Two of the sport’s all-time most popular drivers – Don “The Snake” Prudhomme and Tom “The Mongoose” McEwen – will help the National Hot Rod Association (NHRA) celebrate its 60th anniversary by serving as grand marshals for the Oct. 27-30 NHRA Big O Tires Nationals at The Strip at Las Vegas Motor Speedway.

McEwen and Prudhomme will meet race fans and sign autographs in the NHRA tent in the pit area from 2-3 p.m. on Friday, 10-11 a.m. and 1:45-2:30 p.m. on Saturday and 12:30-1 p.m. on Sunday. They also will head the track walk at 9:30 a.m. on Sunday and then serve as grand marshals during opening ceremonies.

Forty years ago, the sport of drag racing was nothing like the nationally-televised spectacle of today. With only a handful of NHRA-sanctioned national events on the calendar, big-name racers made extra money by booking themselves as pairs or quartets and “match-racing” each other at strips across the country. It was not uncommon to see a big star like “Big Daddy” Don Garlits and an opponent compete in a best-of-three in Lancaster, N.Y. on a Thursday night followed by an afternoon meet in Nelles Corners, Ontario, Canada on Sunday.

At the same time, the Mattel toy company had revolutionized the miniature die-cast car business with its new line of Hot Wheels cars. Until Hot Wheels burst onto the scene, young boys were forced to play with mundane cars that did not roll well. The 1/64-scale cars – more for display than play – could be pushed around on the carpet but they did not race and certainly did not look racy. And slotcars needed electricity and dad’s help with wiring and maintenance. Suddenly, with a Hot Wheels track, a kid had only to attach the “starting line” section to the top of a chair or table and he and his friends could race their wildly-colored, lightning-fast cars just about anywhere.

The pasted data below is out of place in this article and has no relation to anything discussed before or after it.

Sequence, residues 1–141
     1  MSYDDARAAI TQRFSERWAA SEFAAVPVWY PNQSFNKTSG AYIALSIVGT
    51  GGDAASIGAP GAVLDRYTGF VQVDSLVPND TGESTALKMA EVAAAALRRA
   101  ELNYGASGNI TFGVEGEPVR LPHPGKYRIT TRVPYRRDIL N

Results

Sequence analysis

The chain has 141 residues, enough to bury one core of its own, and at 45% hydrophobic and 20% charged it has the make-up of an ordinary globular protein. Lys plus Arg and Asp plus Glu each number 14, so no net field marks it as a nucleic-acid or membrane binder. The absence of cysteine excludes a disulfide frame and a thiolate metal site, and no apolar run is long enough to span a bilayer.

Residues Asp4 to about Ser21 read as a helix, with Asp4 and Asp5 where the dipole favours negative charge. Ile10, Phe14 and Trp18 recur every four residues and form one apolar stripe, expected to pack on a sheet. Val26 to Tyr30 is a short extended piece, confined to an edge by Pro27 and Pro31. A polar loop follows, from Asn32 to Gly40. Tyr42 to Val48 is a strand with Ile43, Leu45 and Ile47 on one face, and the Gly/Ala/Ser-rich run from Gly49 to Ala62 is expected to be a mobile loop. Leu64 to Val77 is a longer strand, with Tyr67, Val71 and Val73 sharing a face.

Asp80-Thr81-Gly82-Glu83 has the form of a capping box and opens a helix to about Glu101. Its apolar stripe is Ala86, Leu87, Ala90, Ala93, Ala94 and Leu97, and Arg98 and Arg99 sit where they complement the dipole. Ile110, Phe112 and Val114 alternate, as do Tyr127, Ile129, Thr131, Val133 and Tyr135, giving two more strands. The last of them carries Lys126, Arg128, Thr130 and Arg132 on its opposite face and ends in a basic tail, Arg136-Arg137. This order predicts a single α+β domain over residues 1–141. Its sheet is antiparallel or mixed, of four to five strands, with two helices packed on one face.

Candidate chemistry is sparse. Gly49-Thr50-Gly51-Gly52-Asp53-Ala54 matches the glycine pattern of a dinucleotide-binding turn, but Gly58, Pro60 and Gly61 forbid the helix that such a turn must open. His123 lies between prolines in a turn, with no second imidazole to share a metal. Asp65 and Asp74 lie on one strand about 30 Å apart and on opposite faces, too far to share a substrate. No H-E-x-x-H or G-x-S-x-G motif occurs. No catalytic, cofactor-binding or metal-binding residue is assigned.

McEwen had been racing against Prudhomme since the early 1960s. The popular pair from California routinely match-raced four nights each week in those days are were in high demand with track operators. They would roll into town, stop at the local AM Top 40 radio station to talk some smack about each other to hype the event, thrill the crowd at the track and head for the next stop on the gypsy-like tour.

Like other forms of motorsports during that era, sponsorship was not plentiful and usually limited to backing from car dealerships, auto parts manufacturers and breweries. More money was needed to maintain the cars and pay the traveling expenses for the rigorous match-racing schedule.

Mattel was headquartered in their backyard, at the epicenter of the Southern California car culture craze. The pair approached the corporate office, hoping to attach their “Snake-vs.-Mongoose” rivalry with the incredibly-popular Hot Wheels line. It was a match made in quarter-mile heaven. The Prudhomme-McEwen Hot Wheels racing team dragged the sport into the living rooms and basements of homes across America. Kids who never had attended an NHRA national event suddenly were emulating their new heroes, arguing over who would be “the Snake” and who would get to play “the Mongoose.”  Prudhomme’s yellow Barracuda Hot Wheels Funny Car and McEwen’s red Duster regularly were featured on the covers and in the pages of Hot Rod Magazine and Car Craft Magazine. Mattel purchased the Monogram Models company and suddenly hundreds of thousands of Hot Wheels Funny Car and Top Fuel Dragster plastic replica car kits hit the retail shelves.

McEwen won his first major event in 1972, topping the Top Fuel Dragster class at the March Meet at Bakersfield, Calif.

“I was the (promoter) and Prudhomme was the racer,” McEwen told “I'd set up the deals, then we'd go out to the track, and he'd usually beat me. There were times when he was beating me so regularly that the only way I could have beaten him was if he got lost on the way to the track and I got to single.”

The Hot Wheels sponsorship lasted for three seasons – 1970-1972 – and helped to sell hundreds of thousands of Hot Wheels cars. The marketing magic of the toys and their team also proved to other potential sponsors that drag racing certainly was worthy of a look – and a fat check.

Prudhomme sits at No. 3 on the NHRA’s Top 50 Drivers of All Time. After winning six of the NHRA’s eight national events in 1975 and seven of eight in 1976, Prudhomme explained his drive to succeed. “There was never a backup plan for me if racing hadn't worked out," said Prudhomme. “I had to win to keep food on the table.”

Prudhomme retired from driving and became a team owner in 1994. In his final year as a team owner, he won the 2009 NHRA Big O Tires Nationals at The Strip at LVMS with Spencer Massey behind the wheel.

Drag racing fans of all ages will not want to miss the opportunity to hang out with their heroes at the track.

Tickets for the NHRA Nevada Nationals may be purchased at the LVMS Ticket Office, by calling (702) 644-4444 or online at Follow LVMS on Facebook and Twitter.